Indications emerging from such a metaphorical exercise might well prove to be relevant to the “heated” / “charged” debates regarding climate change, especially with respect to “temperature” and to “polarization” (Weather Metaphors as Whether Metaphors, 2015; Climate Change as a Metaphor of Social Change: systemic implications of emissions, ozone, sunlight, greenhouse and overheating, 2008; Playfully Changing the Prevailing Climate of Opinion: climate change as focal metaphor of effective global governance, 2005).

The primary focus of this exercise is however on recognition of analogous cognitive spheres and most specifically a “metasphere”. Clearly “getting into orbit” involves traversing the “lower layers of the atmosphere”, rather than the possibilities of sub-orbital focus on travel around the stratosphere. To what mode  of insight and discourse might a metasphere be analogous in the light of the articulation above? If the metasphere is to be recognized as beyond the degrees of abstraction with which “stratosphere” is associated in discourse, what is needed to achieve the requisite escape velocity (Navigating Alternative Conceptual Realities: clues to the dynamics of enacting new paradigms through movement, 2002).

The considerable focus on aeronautics and the potential opportunities of space are a driving force for many. They are seen as fundamental to the future of humanity (Sherry E. Bell and Colonel M. V. “Coyote” Smith,  Human Migration into Space is a Biological Imperative, Journal of Space Philosophy 1, 2012 1; Mike Wall, Stephen Hawking Warns: humanity may have less than 600 years to leave Earth, Space, 8 November 2017). “Coyote” Smith writes as Chief Future Scientist of the US Air Force. The Journal of Space Philosophy extends its focus to encompass a degree of recognition of space in non-physical terms, notably as cultural space.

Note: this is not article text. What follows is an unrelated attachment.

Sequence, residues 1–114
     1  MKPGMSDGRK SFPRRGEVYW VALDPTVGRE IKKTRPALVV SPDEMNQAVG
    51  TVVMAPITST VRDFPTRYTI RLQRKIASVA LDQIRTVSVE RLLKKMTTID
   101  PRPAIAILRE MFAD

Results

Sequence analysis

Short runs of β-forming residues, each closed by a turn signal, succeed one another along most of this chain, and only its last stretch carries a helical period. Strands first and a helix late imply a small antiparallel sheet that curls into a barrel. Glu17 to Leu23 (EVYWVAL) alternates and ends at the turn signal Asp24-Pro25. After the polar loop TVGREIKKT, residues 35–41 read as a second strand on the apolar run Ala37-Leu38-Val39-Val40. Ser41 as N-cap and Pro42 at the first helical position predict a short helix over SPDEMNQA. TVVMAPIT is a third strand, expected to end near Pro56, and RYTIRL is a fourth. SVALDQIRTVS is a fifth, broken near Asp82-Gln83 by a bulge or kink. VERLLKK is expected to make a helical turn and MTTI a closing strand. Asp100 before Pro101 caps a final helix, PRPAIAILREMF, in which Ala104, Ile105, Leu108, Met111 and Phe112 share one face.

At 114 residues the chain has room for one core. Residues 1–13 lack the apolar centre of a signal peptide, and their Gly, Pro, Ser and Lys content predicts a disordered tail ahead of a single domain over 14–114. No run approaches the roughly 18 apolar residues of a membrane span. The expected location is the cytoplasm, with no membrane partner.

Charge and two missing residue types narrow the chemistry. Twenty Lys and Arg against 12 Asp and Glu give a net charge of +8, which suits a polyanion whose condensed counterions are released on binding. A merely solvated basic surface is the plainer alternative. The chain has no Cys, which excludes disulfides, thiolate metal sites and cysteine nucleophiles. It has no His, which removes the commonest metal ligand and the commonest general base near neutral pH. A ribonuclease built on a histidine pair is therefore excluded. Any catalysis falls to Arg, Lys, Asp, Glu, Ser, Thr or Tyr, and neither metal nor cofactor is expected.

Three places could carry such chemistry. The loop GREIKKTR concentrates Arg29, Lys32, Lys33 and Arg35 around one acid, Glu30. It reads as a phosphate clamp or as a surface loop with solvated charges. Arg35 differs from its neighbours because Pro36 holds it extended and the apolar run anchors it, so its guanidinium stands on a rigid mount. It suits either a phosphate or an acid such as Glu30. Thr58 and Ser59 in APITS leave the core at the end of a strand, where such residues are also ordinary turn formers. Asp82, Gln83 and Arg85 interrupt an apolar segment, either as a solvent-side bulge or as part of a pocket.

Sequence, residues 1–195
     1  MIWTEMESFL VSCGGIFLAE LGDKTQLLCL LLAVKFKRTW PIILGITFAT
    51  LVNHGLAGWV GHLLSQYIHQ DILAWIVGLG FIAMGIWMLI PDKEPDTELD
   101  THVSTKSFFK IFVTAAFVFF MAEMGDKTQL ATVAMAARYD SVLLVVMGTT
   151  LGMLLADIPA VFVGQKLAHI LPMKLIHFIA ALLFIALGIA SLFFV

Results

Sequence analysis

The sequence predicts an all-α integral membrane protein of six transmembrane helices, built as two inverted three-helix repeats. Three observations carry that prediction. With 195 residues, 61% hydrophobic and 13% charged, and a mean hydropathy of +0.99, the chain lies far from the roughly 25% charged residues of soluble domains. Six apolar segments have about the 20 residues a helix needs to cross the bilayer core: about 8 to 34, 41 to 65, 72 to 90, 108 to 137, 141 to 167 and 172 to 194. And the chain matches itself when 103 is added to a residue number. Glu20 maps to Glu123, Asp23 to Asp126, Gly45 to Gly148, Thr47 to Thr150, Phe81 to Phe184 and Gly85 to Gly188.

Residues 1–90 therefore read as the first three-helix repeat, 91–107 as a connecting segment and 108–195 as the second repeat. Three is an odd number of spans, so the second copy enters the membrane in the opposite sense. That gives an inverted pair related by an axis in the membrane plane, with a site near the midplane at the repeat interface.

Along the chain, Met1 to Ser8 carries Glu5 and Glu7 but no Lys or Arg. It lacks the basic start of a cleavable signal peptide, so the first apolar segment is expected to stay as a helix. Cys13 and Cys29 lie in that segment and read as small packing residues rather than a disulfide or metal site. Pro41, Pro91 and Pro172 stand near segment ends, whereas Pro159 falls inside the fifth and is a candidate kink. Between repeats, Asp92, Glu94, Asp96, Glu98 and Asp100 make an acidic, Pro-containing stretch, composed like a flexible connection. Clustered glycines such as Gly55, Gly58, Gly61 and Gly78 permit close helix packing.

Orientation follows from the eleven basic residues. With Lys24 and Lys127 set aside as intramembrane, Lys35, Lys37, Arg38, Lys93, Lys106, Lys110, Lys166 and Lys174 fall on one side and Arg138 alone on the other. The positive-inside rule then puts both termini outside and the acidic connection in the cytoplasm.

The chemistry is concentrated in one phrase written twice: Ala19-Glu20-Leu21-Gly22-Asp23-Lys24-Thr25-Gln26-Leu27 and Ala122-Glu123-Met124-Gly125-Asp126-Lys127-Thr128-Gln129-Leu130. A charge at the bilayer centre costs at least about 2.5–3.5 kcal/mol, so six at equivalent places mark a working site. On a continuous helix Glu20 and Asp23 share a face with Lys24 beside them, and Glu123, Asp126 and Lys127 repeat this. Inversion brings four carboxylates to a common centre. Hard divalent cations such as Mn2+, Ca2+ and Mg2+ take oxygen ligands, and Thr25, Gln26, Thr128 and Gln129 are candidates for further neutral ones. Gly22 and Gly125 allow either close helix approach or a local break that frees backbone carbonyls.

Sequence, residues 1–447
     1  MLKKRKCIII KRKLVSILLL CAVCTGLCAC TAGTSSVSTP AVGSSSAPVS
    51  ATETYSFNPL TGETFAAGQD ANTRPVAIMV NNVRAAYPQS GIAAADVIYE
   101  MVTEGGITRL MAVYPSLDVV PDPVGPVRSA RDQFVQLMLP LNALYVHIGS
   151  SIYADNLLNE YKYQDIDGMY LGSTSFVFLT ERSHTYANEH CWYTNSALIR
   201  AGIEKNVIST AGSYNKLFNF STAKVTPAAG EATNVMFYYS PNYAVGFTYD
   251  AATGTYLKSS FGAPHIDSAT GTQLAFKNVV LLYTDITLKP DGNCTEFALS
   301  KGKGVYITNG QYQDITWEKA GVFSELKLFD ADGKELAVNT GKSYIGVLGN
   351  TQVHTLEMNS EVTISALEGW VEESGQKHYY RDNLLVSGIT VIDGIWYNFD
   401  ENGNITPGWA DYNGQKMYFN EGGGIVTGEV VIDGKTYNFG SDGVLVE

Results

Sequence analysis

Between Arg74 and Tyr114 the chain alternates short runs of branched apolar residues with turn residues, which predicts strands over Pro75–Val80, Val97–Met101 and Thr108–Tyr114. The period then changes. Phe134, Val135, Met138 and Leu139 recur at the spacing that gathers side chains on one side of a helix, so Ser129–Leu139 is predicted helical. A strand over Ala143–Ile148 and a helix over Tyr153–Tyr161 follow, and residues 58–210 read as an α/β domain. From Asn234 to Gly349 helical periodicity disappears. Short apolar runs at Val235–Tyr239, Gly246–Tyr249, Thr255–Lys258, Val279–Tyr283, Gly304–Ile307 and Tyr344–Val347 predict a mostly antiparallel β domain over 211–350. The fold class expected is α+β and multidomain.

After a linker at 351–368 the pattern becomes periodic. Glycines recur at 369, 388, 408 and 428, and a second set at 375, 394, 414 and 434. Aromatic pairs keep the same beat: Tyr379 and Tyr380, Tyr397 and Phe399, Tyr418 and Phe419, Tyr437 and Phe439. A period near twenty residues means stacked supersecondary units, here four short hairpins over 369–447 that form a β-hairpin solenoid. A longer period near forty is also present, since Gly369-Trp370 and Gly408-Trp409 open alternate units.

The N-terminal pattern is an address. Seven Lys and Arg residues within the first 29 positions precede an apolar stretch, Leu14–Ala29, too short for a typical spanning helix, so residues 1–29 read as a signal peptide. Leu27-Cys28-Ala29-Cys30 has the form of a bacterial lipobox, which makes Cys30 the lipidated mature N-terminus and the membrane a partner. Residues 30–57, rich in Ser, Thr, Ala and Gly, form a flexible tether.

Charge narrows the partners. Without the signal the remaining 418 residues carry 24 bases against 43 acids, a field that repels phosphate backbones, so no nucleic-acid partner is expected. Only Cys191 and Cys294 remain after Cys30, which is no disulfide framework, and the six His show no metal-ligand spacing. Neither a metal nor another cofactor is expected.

To clarify this exploration, the variety of contrasting current uses of “sphere” and “meta” are noted prior to consideration of their relevance to “metasphere”, “meta-sphere” and “meta sphere”, whether as commercial, technical, or aesthetic/cultural initiatives. All of these have implications for the focus on the metaphorical cognitive framing in what follows. The current “crisis of crises” can then be explored as a “spherological crisis” — as a meta-crisis. In the implications for any understanding of the global brain, civilization could then be understood as faced with a form of “cognitive metastasis”.

The array of subtle spheres currently recognized is presented as a pattern ironically anticipated by the extensive traditional arrays of heavenly and demonic realms — implicitly recognized in references to a much-cited “Axis of Evil” and a lesser known “Axis of Good”. Symbolically at least, these are then presumably to be understood as fundamental to the  geometry of any metasphere.

Framed in this way, the question is in what manner a global exodus from an increasingly “uninhabitable” planet is to be envisaged — and facilitated. Rather than the deceptive distraction of a physical exodus — essentially impractical for the many — this is explored as a form of cognitive migration, more appropriately understood as a form of cognitive home-coming. Such a transformation notably has implications for a more fruitful engagement with climate change.